SVN Protocols and Non standard SSH ports

Here is an interesting thing I learnt today, you can create customer SVN protocol handlers. Why on earth would you want to do that? Well sometimes you want to use a non standard ssh setup!

you can define your non standard ssh protocol quite easily in the [tunnels] section of your ~/.subversion/config file. for example:

ssh1234 =  ssh -q -o ControlMaster=no -p1234

SSH pubkey fun

I had an interesting issue today where I was not able to use ssh key pairs to log into a box. It turns out that I had loose permissions on the home folder and ssh was silently failing.

So with that in mind, here is my guide to file system permissions for successful ssh authentication.

The home directory must not be writable for the world, but locking writes down to your user is probably a good thing too. the .ssh folder inside your home folder must be no looser than 0755 and the files inside .ssh *should* be 0600 to keep things nice and locked down tight.

chmod 755 /home/user
chmod 755 /home/user/.ssh
chmod 600 /home/user/.ssh/*

The home folder permissions is what tripped me up today, but a quick google and then chmod sorted that out for me.

PuTTY Love

Cool things to do with Putty:

Private and Public Keys

If you do not use these yet, you should! Go to the PuTTY download page and download PuTTygen. Create your Public and Private key and put a password on the private key! Don’t want to enter you private key all the time? nor do I – read on!

Agent Authenticating

Go to the PuTTY download page and download Pageant and run it. It will appear in your system tray. Right click on it and “Add Key” and locate your putty private key (.ppk) file and open it. It will ask for the password to your SSH key (You did put a password on it, right?) put it in and now all future PuTTy sessions will ask Pageant for your SSH Key Password.

Auto Login

Do you use the same username all the time? yeah me too – In the PuTTY Config under Connection -> Data you can setup your Auto Login Username. Combine this with our agent authentication and you no longer have to enter any information when you log into your servers!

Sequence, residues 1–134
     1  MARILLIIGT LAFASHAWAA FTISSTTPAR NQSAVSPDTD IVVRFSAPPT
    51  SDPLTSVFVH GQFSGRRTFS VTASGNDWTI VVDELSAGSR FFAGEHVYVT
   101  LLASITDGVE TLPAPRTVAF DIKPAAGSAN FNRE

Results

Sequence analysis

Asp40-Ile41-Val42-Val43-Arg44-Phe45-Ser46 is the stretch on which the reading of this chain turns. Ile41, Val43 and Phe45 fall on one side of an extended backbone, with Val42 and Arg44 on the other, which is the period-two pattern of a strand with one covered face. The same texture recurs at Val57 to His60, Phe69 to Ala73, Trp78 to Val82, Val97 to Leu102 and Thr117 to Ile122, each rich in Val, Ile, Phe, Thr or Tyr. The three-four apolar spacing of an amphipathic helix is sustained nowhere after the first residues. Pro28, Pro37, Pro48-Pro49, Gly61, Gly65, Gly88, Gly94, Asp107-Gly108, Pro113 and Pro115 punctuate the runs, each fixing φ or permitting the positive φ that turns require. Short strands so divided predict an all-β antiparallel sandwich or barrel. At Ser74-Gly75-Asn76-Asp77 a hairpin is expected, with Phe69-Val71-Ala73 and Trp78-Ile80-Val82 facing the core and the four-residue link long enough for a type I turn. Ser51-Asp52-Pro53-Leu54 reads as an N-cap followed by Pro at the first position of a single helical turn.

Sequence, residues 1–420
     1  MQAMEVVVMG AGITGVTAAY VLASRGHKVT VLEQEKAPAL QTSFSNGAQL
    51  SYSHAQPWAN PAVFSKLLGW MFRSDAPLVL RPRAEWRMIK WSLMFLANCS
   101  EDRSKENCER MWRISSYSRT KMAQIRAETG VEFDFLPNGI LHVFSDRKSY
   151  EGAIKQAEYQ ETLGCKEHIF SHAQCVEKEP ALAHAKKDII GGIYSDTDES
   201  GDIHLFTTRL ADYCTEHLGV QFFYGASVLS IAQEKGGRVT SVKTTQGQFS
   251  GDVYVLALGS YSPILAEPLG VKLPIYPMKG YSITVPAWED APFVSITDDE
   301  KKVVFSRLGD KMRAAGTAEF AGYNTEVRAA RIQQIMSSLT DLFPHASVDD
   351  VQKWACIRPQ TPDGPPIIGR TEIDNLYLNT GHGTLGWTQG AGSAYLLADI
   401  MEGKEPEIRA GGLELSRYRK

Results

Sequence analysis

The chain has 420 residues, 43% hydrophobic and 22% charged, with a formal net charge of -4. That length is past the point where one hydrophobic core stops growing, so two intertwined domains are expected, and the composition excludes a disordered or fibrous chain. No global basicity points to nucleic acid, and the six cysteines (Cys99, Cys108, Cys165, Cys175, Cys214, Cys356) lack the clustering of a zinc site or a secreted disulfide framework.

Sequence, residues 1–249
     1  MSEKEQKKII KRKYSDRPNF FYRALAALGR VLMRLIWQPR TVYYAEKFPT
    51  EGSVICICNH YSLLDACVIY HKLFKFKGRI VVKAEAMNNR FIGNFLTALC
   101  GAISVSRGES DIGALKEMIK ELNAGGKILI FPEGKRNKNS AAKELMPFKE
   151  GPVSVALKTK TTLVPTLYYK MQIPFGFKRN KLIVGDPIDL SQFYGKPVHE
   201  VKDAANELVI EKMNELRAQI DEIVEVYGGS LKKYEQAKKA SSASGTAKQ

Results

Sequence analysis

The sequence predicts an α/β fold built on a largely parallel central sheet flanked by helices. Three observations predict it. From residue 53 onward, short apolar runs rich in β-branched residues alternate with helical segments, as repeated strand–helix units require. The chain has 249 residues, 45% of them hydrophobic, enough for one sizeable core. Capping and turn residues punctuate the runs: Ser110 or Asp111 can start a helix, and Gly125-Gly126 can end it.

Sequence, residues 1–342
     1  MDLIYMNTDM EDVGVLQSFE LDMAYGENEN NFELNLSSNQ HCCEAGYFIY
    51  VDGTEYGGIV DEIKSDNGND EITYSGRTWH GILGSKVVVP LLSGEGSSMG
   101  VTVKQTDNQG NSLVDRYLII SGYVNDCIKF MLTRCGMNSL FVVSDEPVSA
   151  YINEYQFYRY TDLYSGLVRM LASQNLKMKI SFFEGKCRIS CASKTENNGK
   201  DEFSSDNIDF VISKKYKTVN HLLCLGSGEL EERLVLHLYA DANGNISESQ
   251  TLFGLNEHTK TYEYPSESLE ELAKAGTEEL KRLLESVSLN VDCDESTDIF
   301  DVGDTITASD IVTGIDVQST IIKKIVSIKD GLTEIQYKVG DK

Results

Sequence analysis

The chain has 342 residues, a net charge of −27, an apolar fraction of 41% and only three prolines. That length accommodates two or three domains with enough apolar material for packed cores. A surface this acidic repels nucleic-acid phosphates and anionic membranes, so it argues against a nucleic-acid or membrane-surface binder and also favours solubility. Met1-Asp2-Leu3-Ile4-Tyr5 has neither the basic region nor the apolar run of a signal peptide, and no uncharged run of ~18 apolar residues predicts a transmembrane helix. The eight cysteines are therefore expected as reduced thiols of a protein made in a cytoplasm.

One key to rule them all

If you want to use your PuTTY SSH key on your servers to authenticate between them, you can do this too. Load your private key in PuTTYgen and under the Conversions menu choose “Export OpenSSH Key” save that to a file and then you can put that on your servers in your ~/.ssh/id_rsa file (assuming you are using RSA and not DSA)

Forwarding Agent Authentication

This means that you can use your private keys on the server without passwords too! putty will forward the decrypting password to the server when it asks for it, meaning you can SSH around in perfect safety without worrying about unprotected keys!

To set this up in your PuTTY config go to Connection ->  SSH -> Auth and tick the box marked “Allow agent forwarding”

Logging into a remote server that is behind another

So, you have some Linux servers that are behind a gateway or firewall box, but do not want to have to ssh into the gateway and then into each box separately? one (horrible) solution is port forwarding. The better solution is to have putty log into those boxes itself!

Follow the instructions above and get yourself some shiny SSH keys and some password less login loving. Then In the Putty Config go to Connection -> SSH and put into the Remote Command box:


If you have your SSH key set up and your “Allow Agent Forwarding” box ticked, you should now be presented with your server that is living behind the gateway/firewall.

Shouts go out to Billy @ for showing me the way with all of this stuff!